“Ah.” Dwight took the envelope sadly. “Well, best of luck to you.”
“In the letter, I blamed everything on Joe,” I said, handing Mrs. Spinetti my keys. “Oh, do I call you Dr. Atwater now?”
“Dwight’s fine.” He laughed weakly. “All right, Mrs. Spinetti, please add a request for an English adjunct, and that’s who all?”
“One for communications, two history, one sociology, and now one English.”
Dwight swore and I left, taking just enough time to visit the Provost’s office and get signed out there, as well.
Early the next day, Fran came up to my apartment.
“Hey, what’s up?” I asked her, ushering her inside to my living room.
“I need a ride to Madison tomorrow,” she said.
“Yes. Uh. The movers will be here in the morning. I do need to get some packing done.” She smiled. “But I mostly need a ride down to Madison.”
“What about your car?”
“I’m leaving it.”
“Okay. And I can help pack, I guess.”
“Oh, that would be wonderful.”
While Fran had a fair amount to pack, we got it done by eight that evening. We went to the Cider Keg to have a final meal and Bloody Mary and had a lovely time. The only problem was, I still had some packing to do, myself.
It took longer than I expected, but I didn’t care. What Fran didn’t know was that the movers who were coming to move her stuff were also coming to move mine. It was kind of scary how much stuff I’d picked up in the few months I’d been there.
I did keep the argyle sweater with me. Fran also didn’t see the two suitcases and carry on I put in my car before I knocked on her door that Friday morning. She dropped her keys on a small table in the building foyer and I dropped mine when she wasn’t looking.
“Well, we’re off,” she said as I pulled onto the interstate.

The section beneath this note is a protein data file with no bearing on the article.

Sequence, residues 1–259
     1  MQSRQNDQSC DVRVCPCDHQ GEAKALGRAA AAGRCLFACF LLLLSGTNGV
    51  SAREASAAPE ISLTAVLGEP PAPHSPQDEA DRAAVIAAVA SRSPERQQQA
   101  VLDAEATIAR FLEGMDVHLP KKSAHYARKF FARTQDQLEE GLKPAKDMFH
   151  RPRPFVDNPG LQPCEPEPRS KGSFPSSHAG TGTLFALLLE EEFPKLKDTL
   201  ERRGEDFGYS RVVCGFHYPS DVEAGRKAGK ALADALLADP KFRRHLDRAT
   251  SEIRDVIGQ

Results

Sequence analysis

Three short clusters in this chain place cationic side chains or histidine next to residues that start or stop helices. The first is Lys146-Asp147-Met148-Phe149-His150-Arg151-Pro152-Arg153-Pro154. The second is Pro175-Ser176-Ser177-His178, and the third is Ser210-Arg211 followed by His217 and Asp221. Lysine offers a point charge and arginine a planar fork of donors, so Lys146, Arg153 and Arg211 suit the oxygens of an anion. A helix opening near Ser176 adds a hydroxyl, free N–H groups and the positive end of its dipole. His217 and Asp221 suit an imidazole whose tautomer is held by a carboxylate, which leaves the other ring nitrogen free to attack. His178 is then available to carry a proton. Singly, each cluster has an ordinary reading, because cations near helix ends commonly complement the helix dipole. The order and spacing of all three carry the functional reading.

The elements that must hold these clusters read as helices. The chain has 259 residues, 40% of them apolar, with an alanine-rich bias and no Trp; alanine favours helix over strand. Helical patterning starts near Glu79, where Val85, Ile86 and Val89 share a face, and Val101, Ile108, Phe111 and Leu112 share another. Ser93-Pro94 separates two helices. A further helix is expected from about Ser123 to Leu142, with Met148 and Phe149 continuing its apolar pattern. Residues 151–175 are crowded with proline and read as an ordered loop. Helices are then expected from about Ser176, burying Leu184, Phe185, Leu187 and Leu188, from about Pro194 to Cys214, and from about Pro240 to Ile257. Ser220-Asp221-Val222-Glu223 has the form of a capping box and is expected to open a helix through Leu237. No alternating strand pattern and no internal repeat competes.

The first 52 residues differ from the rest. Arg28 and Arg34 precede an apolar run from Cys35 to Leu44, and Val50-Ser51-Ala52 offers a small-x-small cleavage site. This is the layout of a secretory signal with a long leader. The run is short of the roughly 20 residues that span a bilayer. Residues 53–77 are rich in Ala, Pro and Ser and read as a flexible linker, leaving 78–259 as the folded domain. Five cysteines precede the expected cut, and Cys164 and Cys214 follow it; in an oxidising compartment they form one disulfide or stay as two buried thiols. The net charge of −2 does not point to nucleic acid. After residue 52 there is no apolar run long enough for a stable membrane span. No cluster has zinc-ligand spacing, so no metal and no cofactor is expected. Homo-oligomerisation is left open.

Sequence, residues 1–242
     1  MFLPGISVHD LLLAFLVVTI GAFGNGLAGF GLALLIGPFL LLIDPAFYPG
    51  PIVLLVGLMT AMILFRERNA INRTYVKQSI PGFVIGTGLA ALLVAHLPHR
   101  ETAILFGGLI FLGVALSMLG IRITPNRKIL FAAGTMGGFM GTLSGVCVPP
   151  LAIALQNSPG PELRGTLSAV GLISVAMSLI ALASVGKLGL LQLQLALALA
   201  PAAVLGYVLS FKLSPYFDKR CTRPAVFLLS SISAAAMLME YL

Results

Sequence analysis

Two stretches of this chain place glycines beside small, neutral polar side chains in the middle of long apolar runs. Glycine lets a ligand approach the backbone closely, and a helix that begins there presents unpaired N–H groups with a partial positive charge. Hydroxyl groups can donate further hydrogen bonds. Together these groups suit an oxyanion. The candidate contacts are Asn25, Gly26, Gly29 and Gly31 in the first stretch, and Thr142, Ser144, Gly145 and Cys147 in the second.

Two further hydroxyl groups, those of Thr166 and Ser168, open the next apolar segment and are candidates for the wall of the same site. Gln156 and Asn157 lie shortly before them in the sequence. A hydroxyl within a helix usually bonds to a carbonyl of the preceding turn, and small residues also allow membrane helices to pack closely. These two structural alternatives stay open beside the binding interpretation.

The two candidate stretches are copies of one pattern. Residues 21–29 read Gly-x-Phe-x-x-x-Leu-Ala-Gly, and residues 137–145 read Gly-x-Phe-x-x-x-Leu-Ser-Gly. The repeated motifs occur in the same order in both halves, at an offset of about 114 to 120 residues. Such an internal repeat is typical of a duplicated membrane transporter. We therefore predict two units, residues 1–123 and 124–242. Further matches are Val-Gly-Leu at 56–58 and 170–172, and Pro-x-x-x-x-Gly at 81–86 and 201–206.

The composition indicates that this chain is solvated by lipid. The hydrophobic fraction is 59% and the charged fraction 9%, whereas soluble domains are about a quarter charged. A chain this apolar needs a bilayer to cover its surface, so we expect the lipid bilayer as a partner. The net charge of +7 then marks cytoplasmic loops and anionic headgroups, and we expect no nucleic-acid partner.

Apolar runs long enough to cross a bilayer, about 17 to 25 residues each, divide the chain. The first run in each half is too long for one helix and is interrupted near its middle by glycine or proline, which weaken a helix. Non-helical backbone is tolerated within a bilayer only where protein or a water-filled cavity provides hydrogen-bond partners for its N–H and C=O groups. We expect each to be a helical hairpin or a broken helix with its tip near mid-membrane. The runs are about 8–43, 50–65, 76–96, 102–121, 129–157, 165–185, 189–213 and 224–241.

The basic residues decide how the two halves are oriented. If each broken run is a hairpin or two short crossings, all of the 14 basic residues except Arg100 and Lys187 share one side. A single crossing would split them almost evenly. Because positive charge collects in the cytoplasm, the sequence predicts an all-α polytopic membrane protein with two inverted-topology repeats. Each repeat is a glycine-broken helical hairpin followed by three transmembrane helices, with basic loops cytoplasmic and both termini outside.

“I suppose you are,” I said.
She laughed. “Not just me. You’re leaving, too.”
She looked at me. I shrugged.
“You remember that broken heart I told you about?” I said.
“Ah. What about tenure?”
“I found a school near him in L.A. that liked my CV. I start in January. What about you?”
Fran shrugged. “I don’t know. That’s going to be the interesting part.” She looked out the window at the green pasture lands and red barns going past. “We’re going into the witness protection plan.”
“Max and me. He couldn’t arrange it sooner and I didn’t want to leave my students high and dry.” She looked at me. “But I think you know about that already.”
“Know about what?”
Fran sighed. “You’re not just an English professor.”
I laughed. “I don’t know where you got that idea. But I’m glad you and Max are getting together.” I glanced her way. “You two deserve it.”
We made it to Madison in record time. Okay, I have a bit of a lead foot, which is why. Fran directed me to the obstetrics office. I went in with her to help her with her suitcases. Max was in the waiting room and the two ran into each other’s arms and simply held each other for several minutes. My eyes filled with tears, but I blinked them back.
We had an early lunch together, still I could tell they really wanted to be alone, so I told them that I needed to be moving on. Fran hugged me tightly on the sidewalk.
“Thank you for everything, Janet,” she said. “I do hope we come across each other again.”
“I’d like that,” I said.
There was part of me that felt sad because I seriously doubted we would. I headed back to the interstate and drove south. Almost three hours later, I was in the Chicago area. The car got abandoned in Morton Grove. It was no small trick to haul the two suitcases, carry on and my purse onto the bus to O’Hare airport, but I did it. I bought a ticket for the first flight I could find to LAX. I barely had time to wash my face in the airport bathroom and make a phone call before boarding. I stashed my glasses as soon as I was in my seat.